Nunavut gets $3M from Ottawa for elders’ care

Money will be used for air filtration systems, antimicrobial furniture in territory’s elders’ homes

Federal Minister of Health Jean-Yves Duclos speaks at a press conference in Iqaluit’s legislative assembly Tuesday to announce $3 million for safety measures in Nunavut elders’ homes. (Photo by Emma Tranter)

By Emma Tranter

Nunavut will get $3 million to improve safety measures in the territory’s elders-care homes under a new agreement between the federal government and Government of Nunavut.

The money comes from the billion-dollar federal Safe Long-Term Care Fund, federal Health Minister Jean-Yves Duclos said at a press conference in Iqaluit Tuesday.

The money will be used to buy high-efficiency particulate, or HEPA, air filters, diagnostic equipment and antimicrobial furniture for residents’ rooms.

“Today’s agreement with Nunavut will help address the challenges affecting elders’ homes to ensure that all seniors are treated with dignity and receive appropriate care,” Duclos said in a news release.

The money will also be used for overtime pay for health-care aides and to hire additional staff, and buy personal protective equipment for staff and visitors.

Nunavut’s Minister of Health John Main said Nunavut’s five elders’ facilities vary in age and currently have different systems for air filtration.

“One of the big lessons we’ve learned through COVID is that it’s all about shared air and aerosol transmission,” Main said.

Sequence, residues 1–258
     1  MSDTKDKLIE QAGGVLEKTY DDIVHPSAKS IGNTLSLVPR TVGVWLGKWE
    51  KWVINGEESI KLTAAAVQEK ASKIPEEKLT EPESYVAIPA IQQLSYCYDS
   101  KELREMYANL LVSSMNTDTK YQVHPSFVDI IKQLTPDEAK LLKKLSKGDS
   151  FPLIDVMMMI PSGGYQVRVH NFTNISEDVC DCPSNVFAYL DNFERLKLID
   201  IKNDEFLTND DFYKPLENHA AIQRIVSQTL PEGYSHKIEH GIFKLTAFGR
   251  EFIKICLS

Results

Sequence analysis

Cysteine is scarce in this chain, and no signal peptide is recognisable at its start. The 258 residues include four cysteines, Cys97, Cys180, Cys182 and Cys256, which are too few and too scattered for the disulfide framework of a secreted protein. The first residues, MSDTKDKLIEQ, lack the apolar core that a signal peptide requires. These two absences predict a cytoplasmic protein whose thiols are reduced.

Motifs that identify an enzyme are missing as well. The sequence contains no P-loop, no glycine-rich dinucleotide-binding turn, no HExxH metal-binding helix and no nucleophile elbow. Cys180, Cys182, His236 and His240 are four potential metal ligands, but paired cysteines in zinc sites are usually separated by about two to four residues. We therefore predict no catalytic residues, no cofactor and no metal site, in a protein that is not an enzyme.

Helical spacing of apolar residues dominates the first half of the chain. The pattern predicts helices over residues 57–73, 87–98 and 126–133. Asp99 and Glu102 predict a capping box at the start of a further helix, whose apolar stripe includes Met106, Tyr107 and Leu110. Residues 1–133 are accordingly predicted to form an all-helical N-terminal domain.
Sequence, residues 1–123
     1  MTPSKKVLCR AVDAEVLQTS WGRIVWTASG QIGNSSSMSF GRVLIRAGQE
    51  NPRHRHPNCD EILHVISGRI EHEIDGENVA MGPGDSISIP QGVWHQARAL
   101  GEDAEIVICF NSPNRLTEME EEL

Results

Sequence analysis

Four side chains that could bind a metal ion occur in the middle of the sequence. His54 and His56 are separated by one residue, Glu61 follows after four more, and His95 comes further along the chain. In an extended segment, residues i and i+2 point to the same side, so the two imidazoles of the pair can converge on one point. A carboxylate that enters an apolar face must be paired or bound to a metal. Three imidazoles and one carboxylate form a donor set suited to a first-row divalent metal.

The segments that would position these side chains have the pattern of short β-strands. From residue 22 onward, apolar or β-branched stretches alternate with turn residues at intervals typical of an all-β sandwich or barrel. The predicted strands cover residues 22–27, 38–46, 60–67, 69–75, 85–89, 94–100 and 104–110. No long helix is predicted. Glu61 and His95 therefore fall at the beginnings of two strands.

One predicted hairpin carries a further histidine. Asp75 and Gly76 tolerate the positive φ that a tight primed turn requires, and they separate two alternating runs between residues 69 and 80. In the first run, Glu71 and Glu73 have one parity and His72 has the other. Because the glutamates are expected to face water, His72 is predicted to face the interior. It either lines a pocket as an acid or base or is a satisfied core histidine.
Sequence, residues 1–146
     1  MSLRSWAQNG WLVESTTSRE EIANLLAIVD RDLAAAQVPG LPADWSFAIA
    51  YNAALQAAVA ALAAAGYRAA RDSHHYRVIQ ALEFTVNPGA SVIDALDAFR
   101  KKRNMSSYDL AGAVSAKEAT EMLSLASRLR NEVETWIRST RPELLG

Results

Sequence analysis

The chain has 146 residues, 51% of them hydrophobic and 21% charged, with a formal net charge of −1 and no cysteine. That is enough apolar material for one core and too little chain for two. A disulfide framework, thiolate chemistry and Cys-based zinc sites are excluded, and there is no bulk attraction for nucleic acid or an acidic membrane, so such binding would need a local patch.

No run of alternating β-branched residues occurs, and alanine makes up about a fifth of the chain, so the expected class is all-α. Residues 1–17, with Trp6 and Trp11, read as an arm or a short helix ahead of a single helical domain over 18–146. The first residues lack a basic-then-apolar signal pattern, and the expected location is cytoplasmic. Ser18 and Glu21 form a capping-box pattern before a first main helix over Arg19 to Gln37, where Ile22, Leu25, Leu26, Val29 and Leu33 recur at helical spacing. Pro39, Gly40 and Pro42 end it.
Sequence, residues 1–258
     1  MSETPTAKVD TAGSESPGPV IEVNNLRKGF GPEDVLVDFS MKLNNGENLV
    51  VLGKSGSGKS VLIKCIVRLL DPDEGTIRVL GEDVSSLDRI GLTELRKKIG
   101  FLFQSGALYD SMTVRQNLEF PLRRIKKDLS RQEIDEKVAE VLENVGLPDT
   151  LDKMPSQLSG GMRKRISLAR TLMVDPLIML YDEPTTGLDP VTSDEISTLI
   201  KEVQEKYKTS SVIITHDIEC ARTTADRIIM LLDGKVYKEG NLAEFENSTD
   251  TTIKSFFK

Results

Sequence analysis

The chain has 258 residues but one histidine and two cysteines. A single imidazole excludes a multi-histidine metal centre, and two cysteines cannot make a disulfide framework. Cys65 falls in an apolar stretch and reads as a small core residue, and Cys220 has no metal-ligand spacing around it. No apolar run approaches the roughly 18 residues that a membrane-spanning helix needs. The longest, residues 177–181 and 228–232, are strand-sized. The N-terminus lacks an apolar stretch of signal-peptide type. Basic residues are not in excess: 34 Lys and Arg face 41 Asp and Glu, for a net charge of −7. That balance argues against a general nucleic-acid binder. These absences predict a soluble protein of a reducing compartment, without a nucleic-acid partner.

He said the territorial government is looking for opportunities to partner with the federal government and organizations within the territory to improve elder care.

“The health infrastructure challenges we have in the territory are just staggering,” Main said.

“We’re trying to get to a spot where we’re caught up. At the current pace of investment into health infrastructure, it’s going to take a very long time.”

Elders’ advocates have long called on the territorial and federal governments to improve elder care in Nunavut.

In November 2021, a petition to make elder care available in every Nunavut community reached 22,000 signatures.

Main said while the $3 million for safety measures announced Tuesday is needed, there is more work to be done to improve elder care.

“We need more beds, we need more spaces,” he said.

 

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(1) Comment:

  1. Posted by Anne Crawford on

    Yes Minister we need more beds and more spaces. But please remember that we need them for elders to be at home in all our communities. Elder care is people care. Elders contribute. Elders support and sustain families.

    We don’t need more orphanages or sanitariums or residential schools – and we don’t need the isolation and pain of southern care.

    We do need Inuit psychologists to assess and support, trained home care workers, elder foster care programs and supporting health centres. Can you announce these?

    People do not lose their humanity or love of family and land as they age and decline. Bring elders and resources back into our communities. Old age and disability are a natural part of what we all will face.

    Tell your staff to make a plan for each person in southern care. Give them a bonus when numbers in the south decline. Let’s see what they can do.

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